OUR DIFFERENCES

We are uniquely made, uniquely different in our needs. Some prefer the hot weather, while some rejoice in the cold. Our needs can never be the same, what matters is our ability to understand and tolerate the differences in our needs. A child’s need is quite different from that of an adult. Even amongst his peers, his needs seem varied. He may sometimes be seen as an isolate, often neglected amongst his group, he is shown the picture of not been wanted, he belongs where he does not, yet, he never chose his condition, for he is wonderfully made.

Many a times, our expectations about what a child should be able to perform makes it intolerable when he is unable to meet up to our expectations. The society expects more than what the child can offer. Tasks and expectations are usually age ranked. When a child is unable to meet up to the social demands, such child is often seen as been irrelevant, inadequate or one who is not fit for any competitive tasks. Usually, this operates in our homes, schools, workplace and even around us.

It is no news that twins share similar traits and attributes, but usually there exist a slight or noticeable variation. This makes it possible for identification. While one might be highly intellectual, the other might be intellectually retarded, one might be outspoken, the other an introvert, these situations exists. It does not mean, these individuals who possess limited or inadequate skill are not fit, it only entail that they are uniquely made.

Often times, parents and teachers are confronted with these unique being. Individuals enrolled for knowledge acquisition, a raw material brought into the industry for processing. The school in this case serves as the processing industry, with the teacher playing the role of an industrial worker. The aim of any business is usually to maximize profit. However, the school’s structure does not necessarily give room to identification of unique features amongst students, they are usually presented with placement tests, once successful, these individuals are enrolled into the school system. What happens if they are not? They are rejected, often to be neglected, they are presented with an outcast imagery.

The teacher usually is saddled with the task of completing a set of content over a period of time. He visits the classroom only to discover the child’s inability to cope with his peers.  The teacher’s opinion in these situation often times do not count, he is seen as a school’s staff, one saddled with the responsibility of content delivery. In instances where the teacher’s opinion count, how often are his presentations/ ideas utilized in the teaching and learning situation. Usually, he is seen as a toothless bulldog.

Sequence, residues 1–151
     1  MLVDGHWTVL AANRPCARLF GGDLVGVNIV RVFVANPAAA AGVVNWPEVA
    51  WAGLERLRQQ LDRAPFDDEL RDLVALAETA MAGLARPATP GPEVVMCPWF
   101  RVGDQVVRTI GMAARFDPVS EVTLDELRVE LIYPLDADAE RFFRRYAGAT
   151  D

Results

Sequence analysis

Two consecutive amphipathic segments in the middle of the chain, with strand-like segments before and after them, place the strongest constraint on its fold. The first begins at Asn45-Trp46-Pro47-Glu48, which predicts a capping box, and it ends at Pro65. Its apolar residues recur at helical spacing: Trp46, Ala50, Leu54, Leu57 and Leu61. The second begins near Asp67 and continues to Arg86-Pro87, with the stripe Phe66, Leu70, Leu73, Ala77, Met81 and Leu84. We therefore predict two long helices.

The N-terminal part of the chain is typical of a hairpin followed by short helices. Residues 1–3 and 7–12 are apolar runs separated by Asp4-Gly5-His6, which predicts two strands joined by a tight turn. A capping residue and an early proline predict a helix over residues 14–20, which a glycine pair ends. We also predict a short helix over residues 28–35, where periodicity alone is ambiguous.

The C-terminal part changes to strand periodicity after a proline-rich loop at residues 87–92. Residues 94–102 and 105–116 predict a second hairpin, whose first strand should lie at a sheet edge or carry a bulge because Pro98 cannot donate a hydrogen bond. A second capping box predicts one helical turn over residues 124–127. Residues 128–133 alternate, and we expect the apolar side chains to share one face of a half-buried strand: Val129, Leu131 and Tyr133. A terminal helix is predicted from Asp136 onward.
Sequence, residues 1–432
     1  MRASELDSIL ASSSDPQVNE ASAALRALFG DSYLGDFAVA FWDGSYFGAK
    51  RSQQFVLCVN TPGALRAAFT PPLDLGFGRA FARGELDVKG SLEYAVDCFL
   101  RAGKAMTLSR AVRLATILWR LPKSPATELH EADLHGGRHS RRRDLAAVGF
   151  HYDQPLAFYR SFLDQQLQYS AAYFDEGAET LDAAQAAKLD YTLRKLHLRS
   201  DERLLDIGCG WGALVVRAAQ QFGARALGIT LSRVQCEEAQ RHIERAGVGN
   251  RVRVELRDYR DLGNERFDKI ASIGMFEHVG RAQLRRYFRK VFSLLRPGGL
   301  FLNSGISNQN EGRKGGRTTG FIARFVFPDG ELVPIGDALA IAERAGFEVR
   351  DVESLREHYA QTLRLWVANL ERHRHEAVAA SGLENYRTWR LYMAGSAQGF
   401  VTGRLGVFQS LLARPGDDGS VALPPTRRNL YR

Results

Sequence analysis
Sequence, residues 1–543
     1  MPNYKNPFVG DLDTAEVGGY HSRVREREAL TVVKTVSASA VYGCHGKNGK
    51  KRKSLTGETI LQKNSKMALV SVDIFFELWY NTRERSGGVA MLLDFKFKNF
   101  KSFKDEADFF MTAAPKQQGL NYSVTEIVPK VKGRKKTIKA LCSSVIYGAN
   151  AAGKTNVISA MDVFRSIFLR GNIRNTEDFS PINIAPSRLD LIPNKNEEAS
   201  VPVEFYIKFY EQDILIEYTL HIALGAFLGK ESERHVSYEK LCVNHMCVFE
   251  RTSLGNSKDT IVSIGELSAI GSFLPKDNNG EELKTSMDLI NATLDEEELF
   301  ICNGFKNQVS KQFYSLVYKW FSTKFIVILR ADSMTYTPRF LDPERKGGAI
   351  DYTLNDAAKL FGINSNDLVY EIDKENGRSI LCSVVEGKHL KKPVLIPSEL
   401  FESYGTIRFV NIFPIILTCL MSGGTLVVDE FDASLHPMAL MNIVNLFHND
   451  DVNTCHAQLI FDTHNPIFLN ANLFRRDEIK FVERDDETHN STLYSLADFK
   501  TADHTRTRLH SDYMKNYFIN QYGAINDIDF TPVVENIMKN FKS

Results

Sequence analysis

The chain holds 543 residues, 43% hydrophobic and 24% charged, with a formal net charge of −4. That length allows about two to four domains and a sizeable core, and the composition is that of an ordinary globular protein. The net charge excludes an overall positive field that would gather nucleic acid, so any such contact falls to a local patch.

However, if a teacher should exist in such environment, he should rather see that as a great challenge on his part. The real question of his teaching should be answered. Is he on the job for the money or for qualitative life improvement? If he can answer this question accurately, the barrier in his workplace is gradually eliminated. A teacher’s happiness is in his products, his impacts on the child’s overall development and growth. He is never discouraged based on the society’s perceptions of his profession. His driving force resides on the smiling faces of his products.

He goes into the classroom, bearing in mind the variations existing amongst his students. He tries all his possible best to ensure that his teachings are well understood and utilized by all his students. These he achieves by applying all the pedagogical skills of teaching. The notion that anybody can teach no longer holds water, for this notion as for many years sent our educational system into years of ancient traditionalism.

Whichever level one operates, it is pertinent to understand that as teachers or parents, the optimum benefits exist in seeing our students/children learn and succeed. To achieve this however is a daunting but rewarding quest, a quest not easily attainable, only available to those who present themselves worthwhile. Even when the teacher becomes readily involved in the overall development of the child, the task should not be limited to the four walls of the school.

This however is the case for most unique individuals. Many a times, they are neglected even at their first point of contact, the home. They are either shouted at or abused. They often forget that even if the child loses public friendship, the home should be there to provide the child with constant re-assurance, a re-assurance that all is well. It is not as easy as it seems, but indeed, it is a situation one must learn to live and cope with, it is essential that one faces reality.

It should be added that some famous individuals whose names now become synonymous with one invention, event or the other did not find it easy growing up. Some suffered from inability to identify alphabets, some could not perform simple mathematical operations, others where socially unfit, while some operated at levels way too high for their ability levels. However, these individuals never gave up but persisted in a path whose leading ways were unsure. Today, we celebrate and recognize them.